There’s a new article from the Federal Reserve Bank of New York – Saving Imbalances and the Euro Area Sovereign Debt Crisis by Matthew Higgins and Thomas Klitgaard.
For several years prior to 2010, countries in the euro area periphery engaged in heavy borrowing from foreign private investors, allowing domestic spending to outpace incomes. Now these countries face debt crises reflecting a loss of investor confidence in the sustainability of their finances. The result has been an abrupt halt in private foreign lending to these economies. This study explains how the periphery countries became dependent on foreign borrowing and considers the challenges they face reigniting growth while adjusting to greatly reduced access to foreign capital.
which is almost right.
The Euro Zone nations have run massive current account deficits and foreigners allowed this game to go on. The deficit nations became more and more indebted to the rest of the Euro Zone. This process can go on as long as foreigners allow it but with rising negative net asset position relative to gdp, the processes have to stop somewhere leading to a collapse in demand.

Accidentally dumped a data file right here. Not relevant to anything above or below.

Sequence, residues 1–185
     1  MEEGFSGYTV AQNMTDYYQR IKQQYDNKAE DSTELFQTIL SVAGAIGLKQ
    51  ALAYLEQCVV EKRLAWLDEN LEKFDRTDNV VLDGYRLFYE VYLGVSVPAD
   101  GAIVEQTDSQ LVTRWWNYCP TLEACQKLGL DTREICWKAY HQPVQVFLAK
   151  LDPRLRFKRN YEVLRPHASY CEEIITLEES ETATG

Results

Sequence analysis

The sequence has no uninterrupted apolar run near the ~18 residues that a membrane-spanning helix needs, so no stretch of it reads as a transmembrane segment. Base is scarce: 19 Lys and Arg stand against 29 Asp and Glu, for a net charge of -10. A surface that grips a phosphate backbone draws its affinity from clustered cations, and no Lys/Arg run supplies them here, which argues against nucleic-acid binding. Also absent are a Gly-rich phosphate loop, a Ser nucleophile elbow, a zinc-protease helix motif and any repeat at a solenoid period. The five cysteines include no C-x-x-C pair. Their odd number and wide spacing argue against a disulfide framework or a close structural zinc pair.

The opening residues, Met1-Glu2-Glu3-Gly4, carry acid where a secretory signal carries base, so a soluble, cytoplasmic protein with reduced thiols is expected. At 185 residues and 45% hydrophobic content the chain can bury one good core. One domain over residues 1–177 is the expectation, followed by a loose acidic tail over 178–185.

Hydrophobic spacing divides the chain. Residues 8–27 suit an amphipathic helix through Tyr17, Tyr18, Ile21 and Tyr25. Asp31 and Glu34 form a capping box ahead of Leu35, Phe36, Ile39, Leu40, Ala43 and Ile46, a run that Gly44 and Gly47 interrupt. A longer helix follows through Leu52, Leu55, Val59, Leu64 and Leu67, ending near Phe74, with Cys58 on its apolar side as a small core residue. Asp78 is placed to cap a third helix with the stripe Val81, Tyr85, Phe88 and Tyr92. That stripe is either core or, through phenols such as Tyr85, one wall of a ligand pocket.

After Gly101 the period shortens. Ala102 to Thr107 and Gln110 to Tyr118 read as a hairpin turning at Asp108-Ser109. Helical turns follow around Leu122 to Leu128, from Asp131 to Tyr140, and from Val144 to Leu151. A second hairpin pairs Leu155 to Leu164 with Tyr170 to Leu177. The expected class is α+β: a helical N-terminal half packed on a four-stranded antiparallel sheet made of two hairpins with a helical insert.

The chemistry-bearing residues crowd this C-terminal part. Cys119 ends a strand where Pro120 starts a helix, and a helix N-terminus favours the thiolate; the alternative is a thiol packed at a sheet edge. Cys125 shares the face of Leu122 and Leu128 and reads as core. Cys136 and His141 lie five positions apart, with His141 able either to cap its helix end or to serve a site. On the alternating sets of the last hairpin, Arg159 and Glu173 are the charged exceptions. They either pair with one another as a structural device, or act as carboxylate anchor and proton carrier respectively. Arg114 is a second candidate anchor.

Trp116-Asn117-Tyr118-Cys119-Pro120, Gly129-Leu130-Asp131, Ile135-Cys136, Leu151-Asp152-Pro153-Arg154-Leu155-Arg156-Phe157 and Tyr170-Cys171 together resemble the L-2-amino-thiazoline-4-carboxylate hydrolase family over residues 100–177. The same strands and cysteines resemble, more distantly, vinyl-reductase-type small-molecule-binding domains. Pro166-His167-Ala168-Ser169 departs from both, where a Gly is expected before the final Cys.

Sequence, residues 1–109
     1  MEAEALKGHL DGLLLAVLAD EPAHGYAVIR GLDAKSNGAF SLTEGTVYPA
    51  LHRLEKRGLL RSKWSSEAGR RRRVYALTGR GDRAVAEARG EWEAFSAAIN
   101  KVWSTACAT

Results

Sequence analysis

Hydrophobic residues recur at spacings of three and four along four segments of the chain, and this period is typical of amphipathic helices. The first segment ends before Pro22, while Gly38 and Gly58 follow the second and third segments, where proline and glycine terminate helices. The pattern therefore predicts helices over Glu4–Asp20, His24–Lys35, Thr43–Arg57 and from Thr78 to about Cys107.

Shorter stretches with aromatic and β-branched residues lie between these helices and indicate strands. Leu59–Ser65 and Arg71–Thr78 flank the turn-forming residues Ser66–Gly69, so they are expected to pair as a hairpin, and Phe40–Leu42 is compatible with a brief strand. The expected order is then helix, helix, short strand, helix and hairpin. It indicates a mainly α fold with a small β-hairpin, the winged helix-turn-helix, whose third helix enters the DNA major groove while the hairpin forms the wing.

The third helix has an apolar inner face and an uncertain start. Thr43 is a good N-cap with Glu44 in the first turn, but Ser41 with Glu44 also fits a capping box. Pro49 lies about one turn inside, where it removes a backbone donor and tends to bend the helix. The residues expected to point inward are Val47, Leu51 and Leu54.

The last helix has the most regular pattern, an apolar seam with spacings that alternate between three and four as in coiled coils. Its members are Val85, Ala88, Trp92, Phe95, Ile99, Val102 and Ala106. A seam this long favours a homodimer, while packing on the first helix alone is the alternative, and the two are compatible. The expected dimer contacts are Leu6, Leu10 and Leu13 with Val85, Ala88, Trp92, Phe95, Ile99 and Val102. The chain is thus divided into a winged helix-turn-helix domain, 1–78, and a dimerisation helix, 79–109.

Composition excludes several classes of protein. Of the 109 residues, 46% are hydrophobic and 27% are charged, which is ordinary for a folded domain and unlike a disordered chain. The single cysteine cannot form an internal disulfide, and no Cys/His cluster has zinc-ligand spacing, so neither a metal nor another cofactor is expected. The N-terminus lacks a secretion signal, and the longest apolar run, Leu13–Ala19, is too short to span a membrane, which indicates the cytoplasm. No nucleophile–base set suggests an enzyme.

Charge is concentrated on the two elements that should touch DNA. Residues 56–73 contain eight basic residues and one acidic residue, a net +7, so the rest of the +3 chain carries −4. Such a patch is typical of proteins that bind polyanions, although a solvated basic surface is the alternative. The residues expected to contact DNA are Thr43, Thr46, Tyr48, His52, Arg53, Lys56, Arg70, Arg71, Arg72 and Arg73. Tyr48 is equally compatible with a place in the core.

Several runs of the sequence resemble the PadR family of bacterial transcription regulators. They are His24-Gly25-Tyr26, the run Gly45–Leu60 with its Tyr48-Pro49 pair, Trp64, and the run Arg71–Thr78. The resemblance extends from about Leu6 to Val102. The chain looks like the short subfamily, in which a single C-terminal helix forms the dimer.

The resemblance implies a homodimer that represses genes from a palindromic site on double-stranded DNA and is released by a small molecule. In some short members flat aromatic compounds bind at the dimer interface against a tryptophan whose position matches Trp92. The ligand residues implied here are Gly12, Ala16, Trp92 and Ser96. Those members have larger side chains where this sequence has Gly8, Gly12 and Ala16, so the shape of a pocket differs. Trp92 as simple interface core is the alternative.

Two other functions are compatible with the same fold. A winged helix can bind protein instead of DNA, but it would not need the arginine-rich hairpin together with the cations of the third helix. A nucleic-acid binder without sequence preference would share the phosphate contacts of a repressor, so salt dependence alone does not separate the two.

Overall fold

The authors point out how yields on government bonds of various nations were close to each other before crisis hit. This is consistent with Wynne Godley’s stand that there is no signal that something is wrong or can go wrong when unsustainable processes are building up, until something goes awfully wrong.
The article also has a section on the TARGET2 payment and settlement system. TARGET2 flows is one of my favourite topic. I will write about it sometime in the same spirit as my previous post on domestic payments.
The article however puts the blame on deficit countries which is inaccurate from a Post-Keynesian perspective. The problem was with the design of the Euro Zone itself. The problem was also the ideology that “market forces” work to achieve results which is best for everyone.
There are some behavioural hypothesis/assumptions used in the article which are not quite right, but I won’t go into them.
There are some interesting charts in the article, for example